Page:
Miami took its third lead of the game with 8:46 to play in regulation when Ryan Siroky whipped a puck on net from along the boards, and it hit a body in the slot, trickling past Miska.
Once again, Minnesota-Duluth answered quickly, as Karson Kuhlman slid a pass through two defenders to Tufte, who was wide open in the slot. Munroe made the initial save but Tufte corralled his own rebound and scored just 65 seconds after the RedHawks’ goal to make it 4-4.
Green finished with a goal and an assist, giving him helpers in four straight games and seven points in that stretch. Hutton earned a pair of assists and has 10 points in his last 11 contests.
Game 2 is scheduled for 8:37 p.m. on Saturday.
It turned out the sweep of Colorado College two weeks ago would be the last feel-good moment for the 2015-16 Miami hockey team.
In a season filled with drama, some uplifting, some not so much, the RedHawks fell to Minnesota-Duluth, 3-1 on Saturday, completing a sweep by the Bulldogs in the best-of-3 NCHC Tournament quarterfinal series that ended MU’s season.
This is always the hardest piece to write of the season. Fifty-nine of 60 teams finish each season with losses, and for many players it’s the last high-level competitive hockey game of their careers, so what good does it do to kick a team and its players when they’re down in what could be the last thing written about them?
Last season, I didn’t do an analysis piece following the Providence loss. It just didn’t seem like there was a reason to.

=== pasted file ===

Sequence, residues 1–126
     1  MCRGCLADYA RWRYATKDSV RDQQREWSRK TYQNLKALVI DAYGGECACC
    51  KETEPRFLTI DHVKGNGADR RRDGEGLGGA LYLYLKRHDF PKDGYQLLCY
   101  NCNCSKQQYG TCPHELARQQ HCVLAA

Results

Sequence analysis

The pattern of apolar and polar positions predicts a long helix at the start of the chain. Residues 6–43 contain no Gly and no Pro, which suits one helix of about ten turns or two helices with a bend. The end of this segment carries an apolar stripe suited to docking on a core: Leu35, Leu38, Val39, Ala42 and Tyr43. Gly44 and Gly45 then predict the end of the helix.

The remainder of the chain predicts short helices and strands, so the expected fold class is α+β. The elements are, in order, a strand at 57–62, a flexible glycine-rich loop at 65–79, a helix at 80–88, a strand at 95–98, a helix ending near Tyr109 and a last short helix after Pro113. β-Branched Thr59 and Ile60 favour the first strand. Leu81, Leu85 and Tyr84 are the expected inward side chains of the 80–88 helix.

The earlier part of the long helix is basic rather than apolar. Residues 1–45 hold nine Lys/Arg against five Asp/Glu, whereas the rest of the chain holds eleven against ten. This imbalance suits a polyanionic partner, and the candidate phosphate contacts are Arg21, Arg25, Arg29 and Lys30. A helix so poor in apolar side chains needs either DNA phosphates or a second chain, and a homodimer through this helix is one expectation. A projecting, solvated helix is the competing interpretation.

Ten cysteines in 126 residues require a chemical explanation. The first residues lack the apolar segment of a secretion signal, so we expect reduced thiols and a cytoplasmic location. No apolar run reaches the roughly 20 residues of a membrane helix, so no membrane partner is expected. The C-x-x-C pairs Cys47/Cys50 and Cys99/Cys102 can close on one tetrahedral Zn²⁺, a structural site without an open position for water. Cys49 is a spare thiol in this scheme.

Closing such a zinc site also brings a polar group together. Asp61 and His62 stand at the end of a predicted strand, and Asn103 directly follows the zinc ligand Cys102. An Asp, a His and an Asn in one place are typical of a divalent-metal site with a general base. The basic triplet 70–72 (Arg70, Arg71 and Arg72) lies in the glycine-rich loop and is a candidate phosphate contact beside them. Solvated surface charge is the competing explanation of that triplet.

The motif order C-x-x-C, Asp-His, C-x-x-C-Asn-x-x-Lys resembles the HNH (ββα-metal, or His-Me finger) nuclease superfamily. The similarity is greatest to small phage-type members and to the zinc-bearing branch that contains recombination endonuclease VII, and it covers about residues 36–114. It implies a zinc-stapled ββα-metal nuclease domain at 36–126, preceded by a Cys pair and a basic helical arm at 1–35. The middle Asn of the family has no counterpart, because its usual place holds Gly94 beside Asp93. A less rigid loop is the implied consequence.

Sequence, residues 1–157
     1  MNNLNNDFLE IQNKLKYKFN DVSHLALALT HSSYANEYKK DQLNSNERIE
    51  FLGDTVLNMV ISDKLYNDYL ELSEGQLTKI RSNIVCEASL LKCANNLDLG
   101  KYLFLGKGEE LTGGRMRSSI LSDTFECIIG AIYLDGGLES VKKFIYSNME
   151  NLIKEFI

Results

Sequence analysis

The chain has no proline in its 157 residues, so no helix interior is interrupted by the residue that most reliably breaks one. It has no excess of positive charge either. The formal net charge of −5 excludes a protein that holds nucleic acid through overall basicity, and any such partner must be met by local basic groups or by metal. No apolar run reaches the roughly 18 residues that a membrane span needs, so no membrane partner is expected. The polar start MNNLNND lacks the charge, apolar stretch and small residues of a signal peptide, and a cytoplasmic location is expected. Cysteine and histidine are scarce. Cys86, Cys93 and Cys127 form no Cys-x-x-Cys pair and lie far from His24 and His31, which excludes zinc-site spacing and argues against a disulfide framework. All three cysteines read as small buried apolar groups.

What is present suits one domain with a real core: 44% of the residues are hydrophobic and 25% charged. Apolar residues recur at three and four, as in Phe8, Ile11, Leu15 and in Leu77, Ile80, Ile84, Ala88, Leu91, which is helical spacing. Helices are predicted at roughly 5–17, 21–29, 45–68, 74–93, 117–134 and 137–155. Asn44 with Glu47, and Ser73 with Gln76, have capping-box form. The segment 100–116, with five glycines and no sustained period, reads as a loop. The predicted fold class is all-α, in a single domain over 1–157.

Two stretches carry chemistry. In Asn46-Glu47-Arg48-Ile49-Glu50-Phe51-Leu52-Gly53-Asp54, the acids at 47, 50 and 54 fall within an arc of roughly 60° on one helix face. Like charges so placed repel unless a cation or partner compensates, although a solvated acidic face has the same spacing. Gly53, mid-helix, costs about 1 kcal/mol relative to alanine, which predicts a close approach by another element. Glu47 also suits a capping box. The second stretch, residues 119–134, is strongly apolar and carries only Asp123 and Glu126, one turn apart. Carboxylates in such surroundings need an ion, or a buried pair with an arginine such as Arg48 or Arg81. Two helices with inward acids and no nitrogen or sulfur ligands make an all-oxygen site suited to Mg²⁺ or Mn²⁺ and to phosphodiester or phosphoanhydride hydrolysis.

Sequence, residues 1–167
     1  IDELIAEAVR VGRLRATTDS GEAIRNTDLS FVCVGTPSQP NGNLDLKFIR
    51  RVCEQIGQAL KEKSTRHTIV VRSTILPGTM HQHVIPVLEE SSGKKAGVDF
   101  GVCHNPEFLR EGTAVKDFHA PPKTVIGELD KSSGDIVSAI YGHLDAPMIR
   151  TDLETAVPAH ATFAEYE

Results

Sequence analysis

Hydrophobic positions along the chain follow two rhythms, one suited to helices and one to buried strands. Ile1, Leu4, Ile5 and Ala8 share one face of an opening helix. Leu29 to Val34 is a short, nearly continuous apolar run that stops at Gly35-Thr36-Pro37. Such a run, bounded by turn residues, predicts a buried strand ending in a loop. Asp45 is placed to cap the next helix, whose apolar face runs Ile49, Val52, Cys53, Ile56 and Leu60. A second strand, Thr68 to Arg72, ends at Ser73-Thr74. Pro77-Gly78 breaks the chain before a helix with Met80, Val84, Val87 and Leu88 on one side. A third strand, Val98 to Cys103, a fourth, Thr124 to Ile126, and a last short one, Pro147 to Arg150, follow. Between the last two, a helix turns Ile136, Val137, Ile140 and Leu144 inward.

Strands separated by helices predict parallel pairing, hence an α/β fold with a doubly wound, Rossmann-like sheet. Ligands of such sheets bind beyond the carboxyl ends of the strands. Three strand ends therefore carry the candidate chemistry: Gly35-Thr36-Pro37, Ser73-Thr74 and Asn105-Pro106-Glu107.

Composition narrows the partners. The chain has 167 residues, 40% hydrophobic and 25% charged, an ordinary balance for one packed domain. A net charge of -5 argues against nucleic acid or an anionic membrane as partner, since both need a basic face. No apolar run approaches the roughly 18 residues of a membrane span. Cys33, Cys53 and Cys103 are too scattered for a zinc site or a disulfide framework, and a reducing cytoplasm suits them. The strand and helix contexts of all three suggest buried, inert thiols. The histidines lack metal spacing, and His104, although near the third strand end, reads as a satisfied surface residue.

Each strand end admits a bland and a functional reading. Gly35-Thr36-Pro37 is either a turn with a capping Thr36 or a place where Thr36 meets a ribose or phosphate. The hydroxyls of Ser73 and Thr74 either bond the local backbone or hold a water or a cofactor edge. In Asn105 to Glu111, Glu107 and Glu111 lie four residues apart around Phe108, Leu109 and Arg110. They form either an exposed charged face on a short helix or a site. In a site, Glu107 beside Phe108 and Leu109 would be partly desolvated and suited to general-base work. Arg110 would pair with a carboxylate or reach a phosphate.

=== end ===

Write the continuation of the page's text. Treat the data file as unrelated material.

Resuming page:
Plus they were serving deep fried calamari with jalapeno peppers across the street from the rink in Providence, and I had to get my fill.
We have seven months to write about areas in which this team needs to improve, and with the team announcing that 13 freshmen will be coming in combined with what this season’s rookies did, it should be an exciting fall in Oxford.
But we’ll simply leave it at this for now: We wondered out loud if this team would have the offensive firepower to qualify for the NCAAs this season with the loss of studs Austin Czarnik, Blake Coleman and Riley Barber.
Turns out the RedHawks didn’t. They’re tied for 43rd out of 60 Division I teams with a 2.39 goals-per-game average, and they found the net nine times in six games vs. Minnesota-Duluth, or 1.5 times per contest.
Now allow me a selfish moment.
This was the 10th season at Cady Arena, and we’ve had season tickets since the rink opened and attended most home games the final few seasons at the Old Goggin.
In that time, I’ve never needed Miami hockey more than in 2015-16.